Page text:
Act Two opens in 2004 with the introduction of gal pal Tam, a friend to the group and wife to British Mark (for green card purposes). Tam's too tough and knowing to be called a "Fag Hag" and if she brings to mind Mary-Louise Parker's character in the film Longtime Companion, Tam is much funnier. Elizabeth Ledo plays Tam as detached enough from the boys to call them on their mistakes and with solid timing delivers some of the best lines. (Dawkins has a way of tacking on little unexpected ironic jokes to lines and it's a credit to him, the cast and director Bonnie Metzgar that they keep surprising). It's in this scene, though, that Dawkins starts to fall into well-trod territory of "coming out" issues, as Tam lectures Evan for not being more visibly gay at his workplace.
Dawkins gets more deeply into political issues in the following scene, set two years earlier, when Evan quarrels with another friend named Mark (Eddie Diaz) about the need for social/political activism to pursue equality and acceptance. Fair enough – it's an important issue and as relevant today as it was in 2002, but Dawkins shifts his tone noticeably while doing so. The dialogue becomes strident and sounds more like it was written by Larry Kramer. Dawkins might have chosen to dig more deeply into the sexual tension between Mark (at this in a relationship with Peter) and Evan (partnered with the still-unseen Collin) – as they consider the possibilities of a four-way or three-way liaison between the two couples. In fact, Mark even proposes a preliminary two-way for he and Evan while the two of them, clad only in towels, wait in Mark's apartment for their clothes to dry after being soaked in a thunderstorm. It might have been fun to more deeply explore the possibilities of this situation – an edgier and less discussed topic than gay political activism.
We finally meet Collin (John Francisco) in the sixth and final scene, hosting a viewing party for the 2000 Tony Awards but reeling from a breakup with a boyfriend earlier in the day. The unit set by Regina Garcia is made up to look like a newly constructed condo. Oddly, given Collin's importance to the rest of the action, about all we learn of him is that he's an apparently well-off professional whose chub-chasing boyfriend has just dumped him for losing 150 pounds. Francisco gives Collin an easygoing charm and a moody mixture of shock and regret. As British Mark and Collin great the arriving guests (the other characters we've met earlier in the play), they learn the news and attempt to console Collin (in between exasperated comments about the Tonys awarded to the musical Contact). Michael introduces Evan, just off the bus from Iowa and with no place to stay in the unnamed big city, to the group and it appears Evan has found his tribe as well as his future ex-boyfriend.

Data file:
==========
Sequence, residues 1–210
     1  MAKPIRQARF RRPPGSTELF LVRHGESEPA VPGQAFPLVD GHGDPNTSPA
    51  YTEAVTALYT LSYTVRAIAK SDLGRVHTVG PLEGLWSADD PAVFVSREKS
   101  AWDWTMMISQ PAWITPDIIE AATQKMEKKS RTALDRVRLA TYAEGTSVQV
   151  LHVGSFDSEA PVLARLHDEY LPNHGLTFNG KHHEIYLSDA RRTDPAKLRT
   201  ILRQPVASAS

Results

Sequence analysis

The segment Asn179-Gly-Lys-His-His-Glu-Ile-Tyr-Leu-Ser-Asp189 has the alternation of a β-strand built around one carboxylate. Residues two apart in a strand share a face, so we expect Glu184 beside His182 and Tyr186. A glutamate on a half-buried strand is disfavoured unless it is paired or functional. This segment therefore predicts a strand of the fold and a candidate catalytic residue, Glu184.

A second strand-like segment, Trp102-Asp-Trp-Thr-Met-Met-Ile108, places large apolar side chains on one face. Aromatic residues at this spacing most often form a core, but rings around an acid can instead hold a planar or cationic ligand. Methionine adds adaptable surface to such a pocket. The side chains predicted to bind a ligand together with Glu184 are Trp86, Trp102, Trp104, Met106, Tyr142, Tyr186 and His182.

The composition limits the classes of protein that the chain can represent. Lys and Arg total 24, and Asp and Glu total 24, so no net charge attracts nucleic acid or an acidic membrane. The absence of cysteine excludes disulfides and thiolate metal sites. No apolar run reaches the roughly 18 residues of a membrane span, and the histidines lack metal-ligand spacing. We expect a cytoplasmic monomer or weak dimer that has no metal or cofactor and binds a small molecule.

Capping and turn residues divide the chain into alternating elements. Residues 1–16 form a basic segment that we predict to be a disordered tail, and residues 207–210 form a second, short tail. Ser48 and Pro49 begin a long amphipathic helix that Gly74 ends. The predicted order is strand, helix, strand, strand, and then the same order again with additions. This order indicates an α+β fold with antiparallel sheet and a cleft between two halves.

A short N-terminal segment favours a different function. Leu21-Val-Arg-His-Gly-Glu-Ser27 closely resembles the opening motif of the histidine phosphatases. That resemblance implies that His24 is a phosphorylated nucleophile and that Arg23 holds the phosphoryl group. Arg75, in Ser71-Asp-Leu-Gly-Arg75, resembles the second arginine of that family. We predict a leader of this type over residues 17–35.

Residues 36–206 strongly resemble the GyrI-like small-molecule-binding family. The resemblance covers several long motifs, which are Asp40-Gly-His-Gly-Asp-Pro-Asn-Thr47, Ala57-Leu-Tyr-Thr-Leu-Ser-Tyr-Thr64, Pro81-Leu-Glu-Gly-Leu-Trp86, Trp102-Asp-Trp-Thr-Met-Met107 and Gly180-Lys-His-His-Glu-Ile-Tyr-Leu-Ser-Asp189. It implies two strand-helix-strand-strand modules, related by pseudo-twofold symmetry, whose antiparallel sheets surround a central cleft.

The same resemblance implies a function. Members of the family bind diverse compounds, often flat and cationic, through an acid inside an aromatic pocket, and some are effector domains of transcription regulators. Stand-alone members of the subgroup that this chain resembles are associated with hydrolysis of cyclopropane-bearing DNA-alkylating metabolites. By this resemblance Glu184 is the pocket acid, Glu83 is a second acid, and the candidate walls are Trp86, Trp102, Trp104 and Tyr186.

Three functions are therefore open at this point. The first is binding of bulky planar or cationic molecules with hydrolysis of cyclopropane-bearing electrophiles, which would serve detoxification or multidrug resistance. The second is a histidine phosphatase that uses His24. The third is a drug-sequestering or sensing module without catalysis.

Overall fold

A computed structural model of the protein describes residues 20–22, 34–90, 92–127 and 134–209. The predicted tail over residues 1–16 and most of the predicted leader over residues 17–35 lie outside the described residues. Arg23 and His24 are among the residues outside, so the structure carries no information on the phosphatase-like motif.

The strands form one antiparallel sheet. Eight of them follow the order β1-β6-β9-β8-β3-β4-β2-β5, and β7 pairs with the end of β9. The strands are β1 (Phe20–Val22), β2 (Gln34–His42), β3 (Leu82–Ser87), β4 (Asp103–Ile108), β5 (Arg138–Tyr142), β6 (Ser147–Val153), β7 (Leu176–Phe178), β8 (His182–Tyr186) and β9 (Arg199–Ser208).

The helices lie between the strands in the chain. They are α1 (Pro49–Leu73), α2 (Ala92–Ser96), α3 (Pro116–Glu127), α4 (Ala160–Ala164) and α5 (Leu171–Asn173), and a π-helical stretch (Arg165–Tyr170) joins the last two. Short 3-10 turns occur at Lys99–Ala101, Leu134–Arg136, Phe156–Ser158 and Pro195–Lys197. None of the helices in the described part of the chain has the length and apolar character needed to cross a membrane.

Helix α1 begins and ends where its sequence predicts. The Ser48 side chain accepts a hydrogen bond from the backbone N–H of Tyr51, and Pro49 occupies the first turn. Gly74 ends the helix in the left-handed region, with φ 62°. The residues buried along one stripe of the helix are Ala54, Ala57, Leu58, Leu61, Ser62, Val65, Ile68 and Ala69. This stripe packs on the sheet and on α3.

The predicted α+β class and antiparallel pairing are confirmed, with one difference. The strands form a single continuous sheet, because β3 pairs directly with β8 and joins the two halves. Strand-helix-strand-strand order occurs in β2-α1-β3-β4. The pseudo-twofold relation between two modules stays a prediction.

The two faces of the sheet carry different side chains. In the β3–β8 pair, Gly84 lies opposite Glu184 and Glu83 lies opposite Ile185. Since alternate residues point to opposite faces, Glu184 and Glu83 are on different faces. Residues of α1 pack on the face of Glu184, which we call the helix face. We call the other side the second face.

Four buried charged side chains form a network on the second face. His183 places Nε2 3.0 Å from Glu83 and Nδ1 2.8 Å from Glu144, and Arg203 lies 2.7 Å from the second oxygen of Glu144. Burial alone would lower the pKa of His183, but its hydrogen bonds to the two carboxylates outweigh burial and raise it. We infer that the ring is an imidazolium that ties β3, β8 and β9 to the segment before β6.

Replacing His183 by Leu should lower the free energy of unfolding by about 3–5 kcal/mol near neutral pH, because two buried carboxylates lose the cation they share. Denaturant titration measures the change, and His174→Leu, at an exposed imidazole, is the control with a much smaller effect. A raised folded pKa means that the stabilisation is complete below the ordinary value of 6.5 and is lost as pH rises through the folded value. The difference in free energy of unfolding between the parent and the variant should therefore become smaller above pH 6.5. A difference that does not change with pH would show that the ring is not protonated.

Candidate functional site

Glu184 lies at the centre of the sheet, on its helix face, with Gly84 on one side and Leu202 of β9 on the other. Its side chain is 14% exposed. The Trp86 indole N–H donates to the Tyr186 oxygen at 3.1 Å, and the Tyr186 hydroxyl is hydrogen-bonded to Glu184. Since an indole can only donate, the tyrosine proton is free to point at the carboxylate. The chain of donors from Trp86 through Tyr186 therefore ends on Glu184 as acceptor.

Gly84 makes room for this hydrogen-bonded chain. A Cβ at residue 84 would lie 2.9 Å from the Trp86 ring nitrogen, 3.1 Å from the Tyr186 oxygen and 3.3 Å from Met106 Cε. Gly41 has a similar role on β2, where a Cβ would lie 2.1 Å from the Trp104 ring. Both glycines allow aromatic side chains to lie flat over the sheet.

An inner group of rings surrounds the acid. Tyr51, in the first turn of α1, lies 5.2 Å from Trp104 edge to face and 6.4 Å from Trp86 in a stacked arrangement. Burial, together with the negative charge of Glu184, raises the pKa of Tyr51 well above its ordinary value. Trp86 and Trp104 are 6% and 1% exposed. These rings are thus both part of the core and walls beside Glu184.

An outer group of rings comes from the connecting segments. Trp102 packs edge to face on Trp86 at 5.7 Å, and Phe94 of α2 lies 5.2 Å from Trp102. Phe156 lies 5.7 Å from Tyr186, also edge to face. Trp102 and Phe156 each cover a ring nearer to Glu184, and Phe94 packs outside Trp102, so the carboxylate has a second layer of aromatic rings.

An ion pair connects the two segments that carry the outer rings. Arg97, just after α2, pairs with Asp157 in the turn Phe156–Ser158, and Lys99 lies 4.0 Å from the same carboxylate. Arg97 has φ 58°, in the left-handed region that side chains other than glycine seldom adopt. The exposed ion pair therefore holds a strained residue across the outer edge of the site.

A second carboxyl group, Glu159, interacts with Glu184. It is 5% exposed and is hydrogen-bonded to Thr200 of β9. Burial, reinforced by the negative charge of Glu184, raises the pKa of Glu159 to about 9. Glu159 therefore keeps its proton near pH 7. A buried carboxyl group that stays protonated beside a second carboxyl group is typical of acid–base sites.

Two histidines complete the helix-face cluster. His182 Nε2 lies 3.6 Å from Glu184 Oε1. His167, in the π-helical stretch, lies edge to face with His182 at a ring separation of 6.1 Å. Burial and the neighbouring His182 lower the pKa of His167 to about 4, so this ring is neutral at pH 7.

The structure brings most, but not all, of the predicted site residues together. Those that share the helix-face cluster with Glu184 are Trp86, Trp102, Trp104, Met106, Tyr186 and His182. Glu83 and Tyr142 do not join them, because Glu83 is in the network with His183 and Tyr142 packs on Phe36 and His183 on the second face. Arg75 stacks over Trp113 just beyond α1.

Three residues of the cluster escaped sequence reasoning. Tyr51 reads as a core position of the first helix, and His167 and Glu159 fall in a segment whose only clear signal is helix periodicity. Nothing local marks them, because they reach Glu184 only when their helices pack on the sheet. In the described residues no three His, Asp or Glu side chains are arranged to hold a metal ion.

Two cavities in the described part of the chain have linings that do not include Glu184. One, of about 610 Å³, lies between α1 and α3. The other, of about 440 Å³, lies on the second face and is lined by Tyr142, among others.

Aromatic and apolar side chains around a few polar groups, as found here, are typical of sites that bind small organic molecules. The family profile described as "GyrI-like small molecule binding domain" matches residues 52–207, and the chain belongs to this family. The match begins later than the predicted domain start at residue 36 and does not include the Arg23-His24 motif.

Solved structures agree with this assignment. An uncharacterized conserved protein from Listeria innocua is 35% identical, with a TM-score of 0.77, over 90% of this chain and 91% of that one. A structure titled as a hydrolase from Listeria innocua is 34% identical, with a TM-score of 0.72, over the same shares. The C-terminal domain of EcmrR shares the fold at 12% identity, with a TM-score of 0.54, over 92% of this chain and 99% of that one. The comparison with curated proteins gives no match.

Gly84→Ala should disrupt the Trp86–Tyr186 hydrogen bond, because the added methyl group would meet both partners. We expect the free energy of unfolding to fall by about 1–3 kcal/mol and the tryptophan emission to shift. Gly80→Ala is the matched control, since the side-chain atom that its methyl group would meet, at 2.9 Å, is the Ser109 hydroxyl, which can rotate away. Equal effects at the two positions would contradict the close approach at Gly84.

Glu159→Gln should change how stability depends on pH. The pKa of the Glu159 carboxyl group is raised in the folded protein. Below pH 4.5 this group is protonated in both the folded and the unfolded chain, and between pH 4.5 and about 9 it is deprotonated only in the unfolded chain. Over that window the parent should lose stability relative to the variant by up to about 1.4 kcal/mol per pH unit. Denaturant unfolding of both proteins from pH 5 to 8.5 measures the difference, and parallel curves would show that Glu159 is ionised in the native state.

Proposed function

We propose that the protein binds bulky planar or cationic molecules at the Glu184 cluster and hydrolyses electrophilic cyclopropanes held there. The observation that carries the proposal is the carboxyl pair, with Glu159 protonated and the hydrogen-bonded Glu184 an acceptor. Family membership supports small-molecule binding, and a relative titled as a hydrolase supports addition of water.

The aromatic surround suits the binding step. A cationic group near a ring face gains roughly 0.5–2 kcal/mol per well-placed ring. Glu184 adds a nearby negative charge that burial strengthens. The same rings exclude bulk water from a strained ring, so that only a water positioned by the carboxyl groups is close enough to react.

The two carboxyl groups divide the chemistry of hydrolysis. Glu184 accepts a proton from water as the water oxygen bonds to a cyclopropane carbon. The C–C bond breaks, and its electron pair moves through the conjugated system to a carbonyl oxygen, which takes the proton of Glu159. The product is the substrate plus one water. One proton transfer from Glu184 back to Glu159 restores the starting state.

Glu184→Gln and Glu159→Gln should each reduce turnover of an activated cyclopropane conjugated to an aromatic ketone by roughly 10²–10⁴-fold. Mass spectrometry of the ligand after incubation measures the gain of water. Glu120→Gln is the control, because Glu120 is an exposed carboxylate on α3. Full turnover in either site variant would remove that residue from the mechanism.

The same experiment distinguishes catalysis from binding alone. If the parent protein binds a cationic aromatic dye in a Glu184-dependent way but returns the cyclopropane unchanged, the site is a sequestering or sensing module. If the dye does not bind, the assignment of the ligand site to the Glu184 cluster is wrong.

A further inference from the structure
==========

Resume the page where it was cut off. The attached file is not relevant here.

There are a lot of ways one could go with an ambitious play like this and Dawkins has the basis to make a very good play even stronger. Right now, it's a very entertaining and resonant piece that explores some of the uniquenesses of gay life as well its commonalities with everyone else's. Sex is a big part of it, to be sure, and maybe more present or at least more discussed than in straight social circles, but love and friendship trump all that. Director Metzgar achieves a sure, consistent tone (with the one exception already noted) that brings out the genuine humor in Dawkins script and organic performances by her cast. Opening just after the Tony Awards (which are referenced repeatedly in the script) and gay pride weekend, it's a great summer play for gay men and their friends.
The Homosexuals will play at the Victory Gardens Richard Christiansen Theater, 2433 N. Lincoln Avenue, through July 24, 2011. For ticket information, visit the Victory Gardens box office, www.aboutfacetheatre.com or call 773-871-3000.
PHOTO: (left to right) Benjamin Sprunger and Patrick Andrews Photo by Jonathan L. Green.